Statistical methods

Baseline characteristics were presented as numbers, percentages, and medians. We used \(\upchi\)2-test to compare binary outcomes. p values below 0.05 were considered significant and 95% confidence intervals (CI) are presented when appropriate. To describe differences in length of stay, we calculated percentiles and interquartile range. Kruskal–Wallis H test and Wilcoxon rank-sum was used to test for significant differences between triage categories and triage systems.

Odds ratios (OR) were calculated to illustrate probabilities of 2-day mortality and ICU admittance and to stratify for potential confounders.

CCI were grouped into four: 0, 1, 2 and > 2, and age into age-groups: 18–49, 50–64, 65–79 and 79+ years of age. To calculate diagnostic sensitivity and specificity we dichotomised the DEPT categories into high-urgency categories (Red and Orange) and low-urgency categories (Yellow, Green, Blue).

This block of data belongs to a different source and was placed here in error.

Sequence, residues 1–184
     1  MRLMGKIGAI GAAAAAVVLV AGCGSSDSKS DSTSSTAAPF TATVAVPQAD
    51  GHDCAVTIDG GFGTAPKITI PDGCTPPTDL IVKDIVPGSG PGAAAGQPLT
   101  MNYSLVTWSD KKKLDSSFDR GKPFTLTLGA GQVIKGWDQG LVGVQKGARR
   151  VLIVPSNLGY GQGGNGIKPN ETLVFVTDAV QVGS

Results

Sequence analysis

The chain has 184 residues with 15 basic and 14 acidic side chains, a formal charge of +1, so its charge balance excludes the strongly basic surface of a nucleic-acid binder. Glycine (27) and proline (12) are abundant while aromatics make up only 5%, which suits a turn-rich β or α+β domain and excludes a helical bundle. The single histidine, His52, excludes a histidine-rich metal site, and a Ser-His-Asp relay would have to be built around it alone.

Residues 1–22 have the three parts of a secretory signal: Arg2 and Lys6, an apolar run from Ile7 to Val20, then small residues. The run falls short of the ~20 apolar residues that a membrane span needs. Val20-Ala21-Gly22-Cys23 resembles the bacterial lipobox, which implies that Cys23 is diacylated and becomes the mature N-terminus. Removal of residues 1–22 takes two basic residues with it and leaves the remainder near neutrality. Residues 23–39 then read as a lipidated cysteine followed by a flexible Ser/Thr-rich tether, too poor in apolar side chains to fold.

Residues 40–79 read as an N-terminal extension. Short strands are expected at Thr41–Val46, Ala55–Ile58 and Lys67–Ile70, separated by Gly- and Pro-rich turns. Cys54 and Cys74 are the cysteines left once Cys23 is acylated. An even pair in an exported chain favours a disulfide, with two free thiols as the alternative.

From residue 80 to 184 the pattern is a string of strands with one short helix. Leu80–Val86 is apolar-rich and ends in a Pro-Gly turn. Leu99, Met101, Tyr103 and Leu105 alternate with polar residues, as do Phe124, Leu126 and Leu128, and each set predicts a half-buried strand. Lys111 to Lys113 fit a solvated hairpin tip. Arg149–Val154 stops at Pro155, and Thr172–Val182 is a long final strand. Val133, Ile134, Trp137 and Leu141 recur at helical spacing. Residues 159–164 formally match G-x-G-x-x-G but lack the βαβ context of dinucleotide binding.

All analyses were conducted using STATA V 16.1 (StataCorp, Texas, USA)

Ethics statement

The study was approved by the Danish data protection agency. Register-based studies are exempt from approval by an ethics committee according to Danish law. No further approval was required.



A total of 632,196 ED contacts were included comprising 345,132 unique patients. We included 497,685 ED contacts in DEPT and 134,511 in VITAL-TRIAGE.

We excluded 36,622 ED contacts due to unreliable registration of data (Fig. 1). In the final sample, 323,439 (51.2%) were male and the overall median age was 53 (IQR 34:72) (Table 2.)

Fig. 1
figure 1

Flowchart. Flowchart describing exclusion of patients due to unreliable registration of data

Table 2 Baseline data of participants

24-h intensive admission